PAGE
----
Navigation Links
Preclinical study shows potential of new technologies to detect response to cancer therapy earlier
Date:2/20/2013

The research was published early in the January issue of the journal Technology in Cancer Research and Treatment. The article describes experiments using ultrasonic molecular imaging (USMI) and Dynamic Contrast Enhanced-Perfusion Imaging (DCE-PI) to measure response to therapy for pancreatic cancer.

Paul Dayton, PhD, senior author says, "What we found is that using two non-invasive technologies, we can detect response to therapy earlier than by relying on tumor volume changes. Having new non-invasive, inexpensive technologies available to measure response to therapy earlier during the course of treatment would be a significant advance in the ability to tailor a person's treatment to improve outcomes."

Dr. Dayton, an Associate Professor of Biomedical Engineering, worked with Jen Jen Yeh, MD, Associate Professor of Surgery and Pharmacology, to evaluate the imaging technologies on human pancreatic cancer in a pre-clinical model. Both faculty are members of the Lineberger Comprehensive Cancer Center.

USMI has the ability to characterize non-invasively the biologic processes at the cellular and molecular levels. It does this through the use of targeted contrast agents, which are markers that bind to specific proteins expressed on cancer cells within the body. These contrast agents enable a standard ultrasound system to detect signals from cancer cells that would otherwise be undetectable.

Ultrasound DCE-PI is a method used to non-invasively monitor the blood flow in the microcirculation. Since growing tumors require abnormally increased blood flow, changes in blood vessel structure or density can provide information regarding tumor malignancy.

The team used a drug that inhibits a protein specific to tumors. They then used the imaging tools to measure the response of two different tumors, one known to respond to the drug therapy, and a second known not to respond. The results indicated that USMI was able to detect molecular signs of tumor response to therapy after only 2 days. A change in blood flow in the tumor was observed to detect response after day 14 using DCE-PI. Over the same period, standard volume measurements were not able to detect therapeutic response, and prior studies suggested that volume measurements do not become indicative of response until approximately 28 days. Thus, these methods showed a notable improvement in the early identification of tumor response to therapy, using contrast enhanced ultrasound imaging.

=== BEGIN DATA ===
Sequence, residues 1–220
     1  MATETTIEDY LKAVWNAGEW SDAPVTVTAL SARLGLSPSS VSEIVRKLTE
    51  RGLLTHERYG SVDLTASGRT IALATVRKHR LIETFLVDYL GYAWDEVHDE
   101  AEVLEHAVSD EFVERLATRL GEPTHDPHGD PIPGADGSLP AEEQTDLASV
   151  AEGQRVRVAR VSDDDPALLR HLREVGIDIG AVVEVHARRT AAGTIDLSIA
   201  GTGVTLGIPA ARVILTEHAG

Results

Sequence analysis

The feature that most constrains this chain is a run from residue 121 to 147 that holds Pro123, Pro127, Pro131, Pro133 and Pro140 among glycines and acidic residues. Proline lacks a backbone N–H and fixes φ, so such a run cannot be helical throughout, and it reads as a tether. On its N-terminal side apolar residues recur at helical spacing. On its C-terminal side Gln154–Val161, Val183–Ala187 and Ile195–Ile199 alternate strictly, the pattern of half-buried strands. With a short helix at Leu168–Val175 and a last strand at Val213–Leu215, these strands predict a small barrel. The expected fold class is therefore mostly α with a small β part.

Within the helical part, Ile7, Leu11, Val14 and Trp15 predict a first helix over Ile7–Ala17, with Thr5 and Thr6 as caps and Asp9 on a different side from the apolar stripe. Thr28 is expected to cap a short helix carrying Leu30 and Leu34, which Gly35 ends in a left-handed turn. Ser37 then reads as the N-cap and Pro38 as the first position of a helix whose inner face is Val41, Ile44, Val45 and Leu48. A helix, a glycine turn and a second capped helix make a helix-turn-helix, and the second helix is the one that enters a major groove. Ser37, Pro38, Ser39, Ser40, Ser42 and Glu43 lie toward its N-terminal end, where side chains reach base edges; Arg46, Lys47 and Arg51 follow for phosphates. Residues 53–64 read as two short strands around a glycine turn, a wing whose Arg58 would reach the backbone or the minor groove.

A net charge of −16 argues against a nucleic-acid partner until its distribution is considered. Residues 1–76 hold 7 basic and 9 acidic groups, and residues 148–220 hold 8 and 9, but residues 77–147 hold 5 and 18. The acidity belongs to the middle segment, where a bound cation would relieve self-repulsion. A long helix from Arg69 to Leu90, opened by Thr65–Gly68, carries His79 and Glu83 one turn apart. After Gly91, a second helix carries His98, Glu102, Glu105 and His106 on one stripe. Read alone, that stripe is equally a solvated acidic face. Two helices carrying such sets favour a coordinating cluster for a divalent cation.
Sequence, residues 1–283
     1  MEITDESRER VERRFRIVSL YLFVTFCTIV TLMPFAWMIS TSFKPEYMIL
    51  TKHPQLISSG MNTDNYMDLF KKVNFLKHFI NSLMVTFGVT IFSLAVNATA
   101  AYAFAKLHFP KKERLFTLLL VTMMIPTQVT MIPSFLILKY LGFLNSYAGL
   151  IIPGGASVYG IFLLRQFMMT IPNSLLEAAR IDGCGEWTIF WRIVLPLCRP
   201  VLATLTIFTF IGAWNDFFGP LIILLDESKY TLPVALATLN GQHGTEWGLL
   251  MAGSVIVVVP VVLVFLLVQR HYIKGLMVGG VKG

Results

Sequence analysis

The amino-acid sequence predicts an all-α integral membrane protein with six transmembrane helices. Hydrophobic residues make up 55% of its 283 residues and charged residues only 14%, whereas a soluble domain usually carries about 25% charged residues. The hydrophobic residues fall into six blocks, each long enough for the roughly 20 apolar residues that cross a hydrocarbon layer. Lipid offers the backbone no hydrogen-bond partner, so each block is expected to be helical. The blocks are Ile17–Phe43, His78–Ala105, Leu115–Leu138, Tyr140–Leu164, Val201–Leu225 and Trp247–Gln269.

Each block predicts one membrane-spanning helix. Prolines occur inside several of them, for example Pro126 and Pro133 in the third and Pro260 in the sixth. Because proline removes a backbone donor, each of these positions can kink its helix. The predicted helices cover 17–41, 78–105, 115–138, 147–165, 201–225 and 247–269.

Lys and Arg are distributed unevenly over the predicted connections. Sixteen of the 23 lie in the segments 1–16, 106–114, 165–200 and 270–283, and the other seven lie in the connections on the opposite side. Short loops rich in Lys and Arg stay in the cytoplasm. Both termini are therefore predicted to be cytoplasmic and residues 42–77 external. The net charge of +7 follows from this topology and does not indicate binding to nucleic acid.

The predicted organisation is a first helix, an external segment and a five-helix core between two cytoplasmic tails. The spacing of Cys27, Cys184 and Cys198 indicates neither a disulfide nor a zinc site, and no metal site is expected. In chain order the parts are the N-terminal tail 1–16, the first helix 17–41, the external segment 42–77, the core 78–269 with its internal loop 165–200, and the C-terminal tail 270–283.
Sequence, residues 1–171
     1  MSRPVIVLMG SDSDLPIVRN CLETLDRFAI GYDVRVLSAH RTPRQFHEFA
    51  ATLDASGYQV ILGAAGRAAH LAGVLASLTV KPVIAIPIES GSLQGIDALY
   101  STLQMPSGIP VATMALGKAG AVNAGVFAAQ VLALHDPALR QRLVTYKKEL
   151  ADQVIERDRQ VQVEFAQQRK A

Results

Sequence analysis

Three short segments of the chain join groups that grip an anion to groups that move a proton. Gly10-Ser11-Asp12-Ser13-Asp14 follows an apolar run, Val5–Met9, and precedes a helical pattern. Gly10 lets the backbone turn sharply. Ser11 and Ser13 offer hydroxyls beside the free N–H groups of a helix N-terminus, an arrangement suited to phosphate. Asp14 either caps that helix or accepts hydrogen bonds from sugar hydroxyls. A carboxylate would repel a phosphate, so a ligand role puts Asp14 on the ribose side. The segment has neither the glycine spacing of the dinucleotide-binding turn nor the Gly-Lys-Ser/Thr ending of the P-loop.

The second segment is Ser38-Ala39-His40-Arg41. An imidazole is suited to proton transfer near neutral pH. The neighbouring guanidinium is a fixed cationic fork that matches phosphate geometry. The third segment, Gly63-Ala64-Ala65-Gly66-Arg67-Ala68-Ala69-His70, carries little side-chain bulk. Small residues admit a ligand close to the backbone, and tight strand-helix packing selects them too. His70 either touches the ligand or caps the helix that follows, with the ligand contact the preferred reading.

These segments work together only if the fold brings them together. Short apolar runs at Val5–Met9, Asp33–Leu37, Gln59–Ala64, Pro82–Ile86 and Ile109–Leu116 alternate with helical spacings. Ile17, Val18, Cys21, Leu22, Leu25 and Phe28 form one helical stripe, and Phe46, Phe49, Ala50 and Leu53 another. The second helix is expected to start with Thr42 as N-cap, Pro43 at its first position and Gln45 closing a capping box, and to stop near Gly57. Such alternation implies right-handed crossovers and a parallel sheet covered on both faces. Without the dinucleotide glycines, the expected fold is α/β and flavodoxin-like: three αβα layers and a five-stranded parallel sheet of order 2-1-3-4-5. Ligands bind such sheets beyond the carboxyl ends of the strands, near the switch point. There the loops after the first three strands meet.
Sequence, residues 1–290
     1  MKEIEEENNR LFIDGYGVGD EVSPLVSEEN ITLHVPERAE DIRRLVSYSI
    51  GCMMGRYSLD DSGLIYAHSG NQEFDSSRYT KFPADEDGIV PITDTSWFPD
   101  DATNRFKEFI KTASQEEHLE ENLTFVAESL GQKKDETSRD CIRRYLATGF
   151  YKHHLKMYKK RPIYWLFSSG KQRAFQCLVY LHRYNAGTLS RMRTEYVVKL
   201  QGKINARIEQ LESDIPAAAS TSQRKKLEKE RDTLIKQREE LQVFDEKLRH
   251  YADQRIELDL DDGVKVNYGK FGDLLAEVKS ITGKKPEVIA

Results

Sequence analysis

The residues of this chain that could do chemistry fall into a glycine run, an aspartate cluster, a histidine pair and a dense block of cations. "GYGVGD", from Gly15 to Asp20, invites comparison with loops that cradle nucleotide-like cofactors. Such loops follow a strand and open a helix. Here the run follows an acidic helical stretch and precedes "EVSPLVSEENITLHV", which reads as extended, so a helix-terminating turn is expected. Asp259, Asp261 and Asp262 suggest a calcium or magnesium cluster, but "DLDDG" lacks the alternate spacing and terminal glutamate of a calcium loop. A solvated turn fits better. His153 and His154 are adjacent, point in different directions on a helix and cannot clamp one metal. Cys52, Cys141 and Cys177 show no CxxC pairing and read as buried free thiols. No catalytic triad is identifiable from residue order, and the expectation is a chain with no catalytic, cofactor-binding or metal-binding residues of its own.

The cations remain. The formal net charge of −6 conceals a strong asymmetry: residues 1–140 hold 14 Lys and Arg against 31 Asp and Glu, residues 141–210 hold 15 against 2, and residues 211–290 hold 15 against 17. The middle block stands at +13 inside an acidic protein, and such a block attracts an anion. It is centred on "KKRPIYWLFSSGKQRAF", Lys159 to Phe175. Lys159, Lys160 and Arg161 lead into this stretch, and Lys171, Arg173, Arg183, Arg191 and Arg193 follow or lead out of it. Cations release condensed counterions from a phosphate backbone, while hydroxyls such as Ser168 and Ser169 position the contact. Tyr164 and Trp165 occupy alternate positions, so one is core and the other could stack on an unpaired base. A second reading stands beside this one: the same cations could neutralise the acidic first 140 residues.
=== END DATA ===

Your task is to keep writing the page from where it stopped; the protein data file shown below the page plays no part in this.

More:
Although the contrast agents for USMI are not yet available in the United States, they are currently in clinical trials in Europe for cancer imaging.


'/>"/>

Contact: Dianne Shaw
dgs@med.unc.edu
919-966-7834
University of North Carolina Health Care
Source:Eurekalert  

Related biology news :

1. Preclinical studies use specialized ultrasound to detect presence of cancer
2. Collaborative preclinical efficacy studies suggest a new target for drug addiction treatment
3. Virology researcher awarded nearly $2 million to study chronic hepatitis E
4. New study shows how seals sleep with only half their brain at a time
5. Study shows that diet of resistant starch helps the body resist colorectal cancer
6. Breakthrough study opens door to broader biomedical applications for Raman spectroscopy
7. Phosphorus starvation linked to symptoms of citrus disease Huanglongbing in new study
8. Yale Study links common chemicals to osteoarthritis
9. CU-Boulder amphibian study shows how biodiversity can protect against disease
10. Busy beavers give Canada geese a lift, study shows
11. Video study shows which fish clean up coral reefs, showing importance of biodiversity
Post Your Comments:
*Name:
*Comment:
*Email:
Related Image:
Preclinical study shows potential of new technologies to detect response to cancer therapy earlier
(Date:6/22/2016)... American College of Medical Genetics and Genomics was once again ... of the fastest-growing trade shows during the Fastest 50 Awards ... Las Vegas . Winners are ... of the following categories: net square feet of paid exhibit ... 2015 ACMG Annual Meeting was ranked 23 out of 50 ...
(Date:6/16/2016)... The global Biometric ... USD 1.83 billion by 2024, according to a ... proliferation and increasing demand in commercial buildings, consumer ... the market growth.      (Logo: ... of advanced multimodal techniques for biometric authentication and ...
(Date:6/3/2016)... 2016 Das DOTM ... Nepal hat ein 44 Millionen ... Kennzeichen, einschließlich Personalisierung, Registrierung und IT-Infrastruktur, an ... und Implementierung von Identitätsmanagementlösungen. Zahlreiche renommierte internationale ... teilgenommen, aber Decatur wurde als konformste und ...
Breaking Biology News(10 mins):
(Date:6/23/2016)... ... June 23, 2016 , ... Charm Sciences, Inc. is ... has received AOAC Research Institute approval 061601. , “This is another AOAC-RI approval ... Bob Salter, Vice President of Regulatory and Industrial Affairs. “The Peel Plate methods ...
(Date:6/23/2016)... YORK , June, 23, 2016  The Biodesign ... to envision new ways to harness living systems and ... Modern Art (MoMA) in New York City ... than 130 participating students, showcased projects at MoMA,s Celeste ... Paola Antonelli , MoMA,s senior curator of architecture ...
(Date:6/23/2016)... , ... June 23, 2016 , ... ... announced the launch of the Supplyframe Design Lab . Located in Pasadena, ... explore the future of how hardware projects are designed, built and brought to ...
(Date:6/23/2016)... ... June 23, 2016 , ... In a new case ... Denmark detail how a patient who developed lymphedema after being treated for breast cancer ... could change the paradigm for dealing with this debilitating, frequent side effect of cancer ...
Breaking Biology Technology: